Line, or along these lines. “Line” in the sense of “course of procedure, conduct, thought” is allowable but has been so much overworked, particularly in the phrase “along these lines,” that a writer who aims at freshness or originality had better discard it entirely. Thus:

Better than “Mr. B. also spoke along the same lines” is “Mr. B. also spoke, to the same effect.”

Better than “He is studying along the line of French literature” is “He is studying French literature.”

Literal, literally. Often incorrectly used in support of exaggeration or violent metaphor, as in:

“A literal flood of abuse” rather than “A flood of abuse.”

“Literally dead with fatigue” rather than “Almost dead with fatigue” or “Dead tired.”

“He literally looked daggers at me” rather than “He looked daggers at me.”

Lose out. Meant to be more emphatic than “lose,” but is actually less so because of its commonness. The same holds true of “try out,” “win out,” “sign up,” “register up.” With a number of verbs, “out” and “up” form idiomatic combinations: “find out,” “run out,” “turn out,” “cheer up,” “dry up,” “make up,” and others, each distinguishable in meaning from the simple verb. “Lose out” is not in that category.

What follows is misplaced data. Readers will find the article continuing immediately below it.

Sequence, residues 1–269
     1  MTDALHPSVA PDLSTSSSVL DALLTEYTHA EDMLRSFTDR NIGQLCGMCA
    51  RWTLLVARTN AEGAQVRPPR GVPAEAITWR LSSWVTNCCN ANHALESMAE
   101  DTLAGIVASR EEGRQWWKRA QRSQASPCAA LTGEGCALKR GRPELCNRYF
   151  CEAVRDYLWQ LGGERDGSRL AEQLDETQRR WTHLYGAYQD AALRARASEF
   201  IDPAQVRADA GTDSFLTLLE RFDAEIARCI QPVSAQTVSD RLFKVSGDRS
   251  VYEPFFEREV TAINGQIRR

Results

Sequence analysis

Most. Not to be used for “almost.” Therefore “Most everybody” should be “Almost everybody” and “Most all the time” should be “Almost all the time.”

Nature. Often simply redundant, used like “character,” as in “Acts of a hostile nature,” which should be “Hostile acts.” It is often vaguely used in such expressions as “a lover of nature,” “poems about nature.” Unless more specific statements follow, the reader cannot tell whether the poems have to do with natural scenery, rural life, the sunset, the untracked wilderness, or the habits of squirrels.